Private aerospace company Spaceflight is still commissioning its experimental craft a month after it reached orbit. Time is now of the essence, as the space tug’s orbit is gradually decaying.
The Sherpa-LTC2 orbital transfer vehicle launched atop a SpaceX Falcon 9 rocket on September 4 from Cape Canaveral Space Force Station in Florida. The space tug, packed alongside 51 Starlink satellites, was placed into a low initial orbit some 192 miles (310 kilometers) above Earth. Sherpa-LTC2 is designed to deliver satellites into different orbits using an experimental chemical propulsion system, according to SpaceNews.
This propulsion system is supposed to take the Sherpa up to an altitude of about 600 miles (1,000 kilometers), but the mission team on the ground remain in the commissioning phase. Instead, Sherpa-LTC2 is losing altitude as it awaits the first firing of its thrusters.
“We’re continuing to work through the commissioning process for Sherpa-LTC2,” a spokesperson for the company told Gizmodo in an email. “As always with experimental, first-flight systems, the commissioning process is fluid. We expect we’ll get to the burn when the commissioning phase is complete and we’ll share more at that time.”
The commissioning of a spacecraft takes place after deployment, in which the spacecraft is booted up and makes contact with ground teams. But Sherpa-LTC2 is currently flying rogue and is instead being pulled down by atmospheric drag. United States Space Force tracking information indicates that the Sherpa tug is currently in an orbit between 175 to 183 miles (283 to 296 kilometers), SpaceNews reported. The drop in altitude raises concerns that the space tug might get pulled down even further and burn up as it re-enters Earth’s atmosphere. This could happen in a matter of weeks if those thrusters don’t fire.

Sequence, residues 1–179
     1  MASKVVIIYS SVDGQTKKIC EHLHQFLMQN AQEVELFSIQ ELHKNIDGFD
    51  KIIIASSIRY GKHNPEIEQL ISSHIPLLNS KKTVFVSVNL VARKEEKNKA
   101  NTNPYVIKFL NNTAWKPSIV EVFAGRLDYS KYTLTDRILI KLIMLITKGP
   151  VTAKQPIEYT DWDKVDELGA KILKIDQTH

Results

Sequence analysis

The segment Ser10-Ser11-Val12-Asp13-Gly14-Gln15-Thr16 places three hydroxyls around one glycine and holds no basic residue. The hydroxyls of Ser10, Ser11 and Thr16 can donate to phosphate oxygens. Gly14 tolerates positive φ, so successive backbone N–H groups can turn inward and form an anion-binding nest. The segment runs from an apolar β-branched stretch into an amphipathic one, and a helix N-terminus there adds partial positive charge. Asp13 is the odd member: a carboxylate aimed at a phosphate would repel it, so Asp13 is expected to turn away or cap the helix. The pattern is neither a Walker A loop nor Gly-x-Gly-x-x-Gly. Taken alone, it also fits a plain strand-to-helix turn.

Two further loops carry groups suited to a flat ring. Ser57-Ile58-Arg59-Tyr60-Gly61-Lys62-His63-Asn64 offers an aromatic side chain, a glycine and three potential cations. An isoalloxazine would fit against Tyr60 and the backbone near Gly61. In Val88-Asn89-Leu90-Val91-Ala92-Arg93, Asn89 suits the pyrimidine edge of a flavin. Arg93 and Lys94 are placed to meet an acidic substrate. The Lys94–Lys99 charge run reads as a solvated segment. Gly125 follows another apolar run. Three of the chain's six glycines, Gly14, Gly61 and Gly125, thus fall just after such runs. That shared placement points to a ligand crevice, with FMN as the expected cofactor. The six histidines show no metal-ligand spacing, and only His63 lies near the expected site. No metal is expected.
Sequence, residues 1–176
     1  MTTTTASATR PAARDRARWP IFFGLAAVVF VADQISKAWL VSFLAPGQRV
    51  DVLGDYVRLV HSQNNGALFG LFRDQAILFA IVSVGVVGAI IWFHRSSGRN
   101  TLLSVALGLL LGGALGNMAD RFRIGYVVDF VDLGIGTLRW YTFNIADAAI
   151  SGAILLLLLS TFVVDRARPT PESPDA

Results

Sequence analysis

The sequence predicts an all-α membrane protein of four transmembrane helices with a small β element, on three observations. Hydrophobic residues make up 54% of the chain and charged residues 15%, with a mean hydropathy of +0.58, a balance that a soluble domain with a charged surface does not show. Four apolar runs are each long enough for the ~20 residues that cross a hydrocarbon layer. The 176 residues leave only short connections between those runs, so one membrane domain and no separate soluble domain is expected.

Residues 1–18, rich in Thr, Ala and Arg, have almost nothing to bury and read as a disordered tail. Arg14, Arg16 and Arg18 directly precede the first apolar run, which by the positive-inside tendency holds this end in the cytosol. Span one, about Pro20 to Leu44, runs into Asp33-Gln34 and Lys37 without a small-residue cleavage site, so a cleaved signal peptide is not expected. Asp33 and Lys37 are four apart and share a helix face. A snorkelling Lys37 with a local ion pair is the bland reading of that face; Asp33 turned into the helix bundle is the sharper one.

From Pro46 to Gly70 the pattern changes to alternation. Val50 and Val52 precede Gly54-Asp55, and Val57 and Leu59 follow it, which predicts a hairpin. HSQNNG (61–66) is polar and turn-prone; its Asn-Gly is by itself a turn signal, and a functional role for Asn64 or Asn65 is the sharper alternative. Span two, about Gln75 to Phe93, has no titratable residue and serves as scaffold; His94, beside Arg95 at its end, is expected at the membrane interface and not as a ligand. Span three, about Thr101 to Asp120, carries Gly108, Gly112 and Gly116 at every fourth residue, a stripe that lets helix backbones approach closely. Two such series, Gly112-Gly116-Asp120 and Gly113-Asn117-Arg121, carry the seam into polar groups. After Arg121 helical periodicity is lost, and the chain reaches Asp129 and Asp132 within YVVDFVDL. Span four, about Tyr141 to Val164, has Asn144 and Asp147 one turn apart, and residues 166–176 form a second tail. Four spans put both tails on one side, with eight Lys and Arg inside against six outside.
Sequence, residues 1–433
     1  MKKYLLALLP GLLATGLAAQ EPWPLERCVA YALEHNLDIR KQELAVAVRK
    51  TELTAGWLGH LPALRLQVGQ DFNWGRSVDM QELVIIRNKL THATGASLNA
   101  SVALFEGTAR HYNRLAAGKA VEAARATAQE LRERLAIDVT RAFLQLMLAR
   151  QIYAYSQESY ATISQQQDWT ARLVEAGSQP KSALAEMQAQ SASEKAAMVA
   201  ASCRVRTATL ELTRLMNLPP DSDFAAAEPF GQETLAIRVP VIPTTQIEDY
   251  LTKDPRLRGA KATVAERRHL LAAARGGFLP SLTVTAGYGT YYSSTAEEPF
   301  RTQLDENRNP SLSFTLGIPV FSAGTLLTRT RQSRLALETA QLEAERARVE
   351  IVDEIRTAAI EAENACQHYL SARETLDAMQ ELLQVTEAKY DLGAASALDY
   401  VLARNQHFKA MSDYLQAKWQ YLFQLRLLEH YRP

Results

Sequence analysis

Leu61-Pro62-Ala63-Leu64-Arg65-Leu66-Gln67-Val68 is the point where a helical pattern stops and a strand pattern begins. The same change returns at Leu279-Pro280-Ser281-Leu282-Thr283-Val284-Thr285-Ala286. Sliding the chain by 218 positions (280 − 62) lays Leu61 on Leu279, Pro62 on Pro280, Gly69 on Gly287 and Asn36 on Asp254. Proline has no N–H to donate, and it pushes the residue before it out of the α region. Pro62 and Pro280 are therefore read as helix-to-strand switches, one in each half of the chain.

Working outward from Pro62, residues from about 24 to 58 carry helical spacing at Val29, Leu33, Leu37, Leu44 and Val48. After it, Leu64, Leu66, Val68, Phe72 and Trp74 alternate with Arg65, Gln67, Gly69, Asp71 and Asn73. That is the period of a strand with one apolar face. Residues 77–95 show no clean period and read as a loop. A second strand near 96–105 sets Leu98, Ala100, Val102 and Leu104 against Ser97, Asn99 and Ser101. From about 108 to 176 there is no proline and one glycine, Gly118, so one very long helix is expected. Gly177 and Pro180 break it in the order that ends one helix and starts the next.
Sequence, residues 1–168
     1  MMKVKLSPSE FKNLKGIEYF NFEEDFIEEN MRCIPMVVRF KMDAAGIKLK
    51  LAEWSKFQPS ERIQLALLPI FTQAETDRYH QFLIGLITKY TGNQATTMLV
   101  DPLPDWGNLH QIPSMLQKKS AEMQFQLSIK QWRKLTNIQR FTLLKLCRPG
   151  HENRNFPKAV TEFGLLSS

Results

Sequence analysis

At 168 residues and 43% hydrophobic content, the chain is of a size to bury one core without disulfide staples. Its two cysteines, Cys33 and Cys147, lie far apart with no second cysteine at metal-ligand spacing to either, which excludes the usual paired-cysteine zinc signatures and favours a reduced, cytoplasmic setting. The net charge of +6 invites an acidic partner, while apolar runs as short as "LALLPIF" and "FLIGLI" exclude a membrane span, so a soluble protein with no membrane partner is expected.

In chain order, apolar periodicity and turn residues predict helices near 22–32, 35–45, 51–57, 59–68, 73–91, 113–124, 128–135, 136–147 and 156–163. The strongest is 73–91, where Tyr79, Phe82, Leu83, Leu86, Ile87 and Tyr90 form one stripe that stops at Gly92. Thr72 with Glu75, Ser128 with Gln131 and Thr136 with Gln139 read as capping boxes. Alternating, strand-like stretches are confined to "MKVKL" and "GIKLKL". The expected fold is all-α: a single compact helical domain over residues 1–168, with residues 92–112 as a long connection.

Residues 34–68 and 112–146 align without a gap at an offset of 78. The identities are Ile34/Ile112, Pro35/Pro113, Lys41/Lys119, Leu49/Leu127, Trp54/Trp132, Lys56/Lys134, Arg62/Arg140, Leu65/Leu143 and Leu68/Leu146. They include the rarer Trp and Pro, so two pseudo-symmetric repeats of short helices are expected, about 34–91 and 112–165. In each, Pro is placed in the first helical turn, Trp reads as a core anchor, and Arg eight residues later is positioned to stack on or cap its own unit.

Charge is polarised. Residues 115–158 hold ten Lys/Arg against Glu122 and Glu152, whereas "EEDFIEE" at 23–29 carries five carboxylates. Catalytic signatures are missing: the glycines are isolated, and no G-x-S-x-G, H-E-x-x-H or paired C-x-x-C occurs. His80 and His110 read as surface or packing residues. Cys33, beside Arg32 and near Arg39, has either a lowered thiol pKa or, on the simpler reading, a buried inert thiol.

Spaceflight’s Sherpa-LTC2 is the first of its space tugs to launch with this experimental chemical propulsion system. The company had planned to launch a previous unit, Sherpa-LTC, in January on a SpaceX rideshare mission, but SpaceX opted not to carry the space tug on its Falcon 9 rocket after technicians discovered a leak coming from the propulsion system. The leak forced SpaceX to find new rides, as it had to exclude 10 cubesats that were part of the mission. Revealingly, the Elon Musk-led company decided not to book any more rideshare missions with Spaceflight, excluding ones already agreed upon. Instead, Spaceflight will launch its future space tugs on Arianespace’s Vega launch vehicles, including its next-generation Vega C rocket, as SpaceNews reported in August.
The company is determined to keep its new gadget in orbit and proceed with future missions. Hopefully, the company will save its little space tug before it meets an untimely demise in Earth’s atmosphere.
Correction: A previous version of this story said that the space tug is losing altitude after its thrusters “failed.” It’s not yet clear whether the thrusters are functional or not; mission engineers are still commissioning the satellite.